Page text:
SP: The primary historical source for this, as for anything related to the Peloponnesian War, is the great historian Thucydides, though Xenophon, Diodorus and Plato chip in quite a few goodies. I know it sounds obscure but, trust me, it's fascinating, like watching our contemporary national dramas playing out on an ancient stage.
PB: Where does Bagger fit in with all these tales of ancient Greece - any common threads connecting them?
SP: Someone asked me what united golf and Thermopylae. I said they're both battles in which we outnumbered troops must hold off hordes of shrieking savages, whose primary identity is that they are aspects of ourselves. In golf, all the demons of anger, fear, impatience, vanity, you name it, arise like battalions inside our fever-ridden brains. Somehow we have to hold the pass against them. I guess in some way I see life like that.
For anyone who works as an artist, each day is a new battle, against all the forces of resistance, self-doubt, laziness, empty ambition, etc. We're like Arjuna peering across the field at the enemy. At our side we call upon some mysterious force, which we may personify if we wish, to help us be our best selves and then we plunge into "the Field," which is the void, the unconscious, the unknown, the mystery of what word we'll put up next on the page or what note of music will come out of the piano. We launch ourselves into the unknown just like the Spartans did, or Arjuna did, and we seek to detach our egos from the outcome. We accept defeat and failure, if they should come, and seek to surrender to "the Field" and let it take us where it wants us to go.
PB: You've spoken of the Muse as a source of your inspiration and guidance. What does the concept of "Muse" mean to you, and what kind of relationship do you two have?
SP: You're a writer, Printer, so you know what I'm talking about. Anyone who works in any creative field, which is everyone, has to ask sooner or later: where do ideas come from? They pop into our head in the shower, while we're shaving, when we're on a walk. But where do they pop from? The Greeks personified this mysterious source. They had the nine Muses, daughters of Zeus and Memory, each charged to inspire artists in a different art. I once lived in a neighborhood in New Orleans where the streets were named after the Muses: Terpsichore, Erato, Thalia, Polyhymnia, Calliope, Clio, Euterpe, Urania and Melpomene.
What does this mean to me? I believe, cracked or not, that ideas, whether they be melodies or software concepts or screenplays, exist first in the ether, in some non-material dimension of reality. You, Printer, as the author of Cosmic Laws of Golf, know all about this. Ideas exist first in that realm, the Void, the Unconscious, whatever you want to call it, and then tap on the shoulder some poor sucker whose charge it now becomes to bring them forth in this material plane.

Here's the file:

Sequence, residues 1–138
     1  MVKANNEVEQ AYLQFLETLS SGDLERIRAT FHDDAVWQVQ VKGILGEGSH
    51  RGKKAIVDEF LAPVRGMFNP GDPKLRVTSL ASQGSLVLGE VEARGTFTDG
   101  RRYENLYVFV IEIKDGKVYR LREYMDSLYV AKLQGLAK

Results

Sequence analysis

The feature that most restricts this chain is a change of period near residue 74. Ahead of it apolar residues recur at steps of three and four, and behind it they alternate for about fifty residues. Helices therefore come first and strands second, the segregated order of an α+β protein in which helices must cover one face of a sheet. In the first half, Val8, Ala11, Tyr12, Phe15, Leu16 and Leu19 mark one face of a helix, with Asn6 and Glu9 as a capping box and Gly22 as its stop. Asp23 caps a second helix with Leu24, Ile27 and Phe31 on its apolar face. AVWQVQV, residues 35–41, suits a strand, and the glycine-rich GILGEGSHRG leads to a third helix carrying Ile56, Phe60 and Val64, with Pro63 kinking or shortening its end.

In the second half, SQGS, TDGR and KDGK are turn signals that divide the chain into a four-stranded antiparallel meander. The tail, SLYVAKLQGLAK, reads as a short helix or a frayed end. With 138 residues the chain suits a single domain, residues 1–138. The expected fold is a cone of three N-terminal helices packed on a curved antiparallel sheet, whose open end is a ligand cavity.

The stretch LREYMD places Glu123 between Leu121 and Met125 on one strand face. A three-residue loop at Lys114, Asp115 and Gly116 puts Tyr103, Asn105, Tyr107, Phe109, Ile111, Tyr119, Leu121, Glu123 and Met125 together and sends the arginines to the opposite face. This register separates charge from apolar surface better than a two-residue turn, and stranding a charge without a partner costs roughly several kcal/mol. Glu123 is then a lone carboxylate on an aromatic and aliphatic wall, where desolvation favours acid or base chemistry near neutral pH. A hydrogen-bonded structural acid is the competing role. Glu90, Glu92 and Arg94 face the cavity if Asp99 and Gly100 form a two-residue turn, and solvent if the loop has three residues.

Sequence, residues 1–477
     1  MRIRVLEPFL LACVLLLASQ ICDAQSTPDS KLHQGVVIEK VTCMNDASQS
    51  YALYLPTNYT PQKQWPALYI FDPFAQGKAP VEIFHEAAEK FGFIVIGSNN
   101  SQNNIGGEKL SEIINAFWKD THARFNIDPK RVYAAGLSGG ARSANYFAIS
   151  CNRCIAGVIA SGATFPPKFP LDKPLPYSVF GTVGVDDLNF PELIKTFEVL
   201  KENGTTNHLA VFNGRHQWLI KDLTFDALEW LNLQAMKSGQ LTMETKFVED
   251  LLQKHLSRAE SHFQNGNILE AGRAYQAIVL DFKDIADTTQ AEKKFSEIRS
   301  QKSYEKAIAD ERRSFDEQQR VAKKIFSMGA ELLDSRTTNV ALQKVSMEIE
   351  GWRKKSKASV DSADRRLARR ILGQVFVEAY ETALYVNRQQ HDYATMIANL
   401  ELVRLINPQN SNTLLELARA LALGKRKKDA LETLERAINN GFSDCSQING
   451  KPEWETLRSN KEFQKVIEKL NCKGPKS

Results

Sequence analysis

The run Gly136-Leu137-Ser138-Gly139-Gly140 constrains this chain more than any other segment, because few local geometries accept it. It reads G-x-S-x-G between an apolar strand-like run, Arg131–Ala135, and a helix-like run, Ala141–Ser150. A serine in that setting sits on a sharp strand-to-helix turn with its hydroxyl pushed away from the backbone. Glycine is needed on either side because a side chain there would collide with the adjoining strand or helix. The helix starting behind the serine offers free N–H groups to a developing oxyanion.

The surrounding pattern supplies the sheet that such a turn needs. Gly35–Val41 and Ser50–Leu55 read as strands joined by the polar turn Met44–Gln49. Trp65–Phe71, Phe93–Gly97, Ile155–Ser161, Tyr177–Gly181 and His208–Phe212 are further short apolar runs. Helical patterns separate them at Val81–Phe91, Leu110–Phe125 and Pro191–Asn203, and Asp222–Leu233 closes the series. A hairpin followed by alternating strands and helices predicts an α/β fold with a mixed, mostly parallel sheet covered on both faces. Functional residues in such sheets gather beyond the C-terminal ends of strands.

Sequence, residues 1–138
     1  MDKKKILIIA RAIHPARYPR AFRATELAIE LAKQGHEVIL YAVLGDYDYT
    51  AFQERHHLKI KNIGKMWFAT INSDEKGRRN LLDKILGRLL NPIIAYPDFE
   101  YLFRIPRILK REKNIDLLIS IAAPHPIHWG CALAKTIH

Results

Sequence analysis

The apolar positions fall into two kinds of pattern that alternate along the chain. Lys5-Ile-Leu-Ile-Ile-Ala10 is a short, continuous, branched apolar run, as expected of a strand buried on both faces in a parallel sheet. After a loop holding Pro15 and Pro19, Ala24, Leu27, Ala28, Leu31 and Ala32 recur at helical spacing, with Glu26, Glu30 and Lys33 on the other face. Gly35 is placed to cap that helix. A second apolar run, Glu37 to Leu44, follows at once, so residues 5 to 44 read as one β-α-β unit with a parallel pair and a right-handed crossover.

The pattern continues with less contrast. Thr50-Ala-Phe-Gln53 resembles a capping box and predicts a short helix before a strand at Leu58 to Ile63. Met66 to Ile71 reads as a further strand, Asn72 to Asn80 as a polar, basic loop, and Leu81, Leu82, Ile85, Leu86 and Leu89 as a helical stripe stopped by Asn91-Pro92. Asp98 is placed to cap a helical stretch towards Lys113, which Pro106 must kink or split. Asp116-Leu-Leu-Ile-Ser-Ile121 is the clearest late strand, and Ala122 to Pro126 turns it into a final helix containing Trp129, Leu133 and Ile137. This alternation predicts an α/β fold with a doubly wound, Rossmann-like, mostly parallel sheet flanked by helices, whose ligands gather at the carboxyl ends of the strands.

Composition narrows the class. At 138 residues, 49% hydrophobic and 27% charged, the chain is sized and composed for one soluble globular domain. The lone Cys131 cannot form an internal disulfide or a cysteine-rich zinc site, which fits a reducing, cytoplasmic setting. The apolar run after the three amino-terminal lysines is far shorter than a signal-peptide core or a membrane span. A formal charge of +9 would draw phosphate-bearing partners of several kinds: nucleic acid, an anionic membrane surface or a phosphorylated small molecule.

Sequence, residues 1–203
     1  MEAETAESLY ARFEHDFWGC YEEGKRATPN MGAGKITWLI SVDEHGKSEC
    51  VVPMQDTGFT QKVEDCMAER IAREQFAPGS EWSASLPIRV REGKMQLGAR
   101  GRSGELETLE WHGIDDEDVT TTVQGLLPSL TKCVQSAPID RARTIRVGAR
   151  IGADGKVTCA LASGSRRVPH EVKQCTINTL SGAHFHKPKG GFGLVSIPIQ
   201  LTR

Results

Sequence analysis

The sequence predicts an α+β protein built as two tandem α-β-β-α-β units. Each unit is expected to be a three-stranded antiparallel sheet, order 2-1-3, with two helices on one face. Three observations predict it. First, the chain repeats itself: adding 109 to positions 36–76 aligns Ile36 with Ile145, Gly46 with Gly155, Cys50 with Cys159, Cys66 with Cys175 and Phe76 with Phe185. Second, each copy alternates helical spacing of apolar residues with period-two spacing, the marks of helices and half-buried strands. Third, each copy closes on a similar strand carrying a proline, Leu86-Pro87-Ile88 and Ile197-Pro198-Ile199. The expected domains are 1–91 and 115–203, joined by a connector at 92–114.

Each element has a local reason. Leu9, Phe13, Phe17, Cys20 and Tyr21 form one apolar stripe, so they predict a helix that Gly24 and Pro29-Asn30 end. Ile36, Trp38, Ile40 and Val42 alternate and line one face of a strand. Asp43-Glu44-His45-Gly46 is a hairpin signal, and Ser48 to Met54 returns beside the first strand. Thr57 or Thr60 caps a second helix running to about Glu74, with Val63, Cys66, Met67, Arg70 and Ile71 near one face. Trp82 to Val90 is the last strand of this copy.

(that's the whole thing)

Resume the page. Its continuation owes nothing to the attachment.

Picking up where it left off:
PB: Is your Muse on call, or can she keep you waiting?
SP: It has been my experience that if she sees you sitting down at the typewriter for enough days in a row, eventually she takes pity on you and gives you an idea. There's an anecdote of Somerset Maugham. Someone asked him if he wrote on a schedule or only when inspiration struck him. "I write only when inspiration strikes me," he replied. "Fortunately it strikes me every morning at nine o'clock sharp."
PB: What's cooking in your creative cauldron these days?
SP: Another book, also Greek-themed. I started on it a few months ago. It's about the ancient Amazons, the female warriors who according to legend seared off the right breast so that nothing would impede the draw of the bow. According to Plutarch an army of Amazons once attacked Athens and very nearly took the city; the siege lasted three or four months. That's what I'm working on now.
PB: Wow, those ladies were seriously committed to their work! Do you see any social or cultural connections between the ancient Amazons and our present civilization?
SP: I'm conceiving the Amazons as the last free women, the last time in history when women were the pure equals of men, physically, in combat, as well as politically and psychologically. When they fell, as I conceive it, the era of patriarchy began and women were reduced to second-class citizens - the state that the female half of the human race today still resides in, to both genders' woe.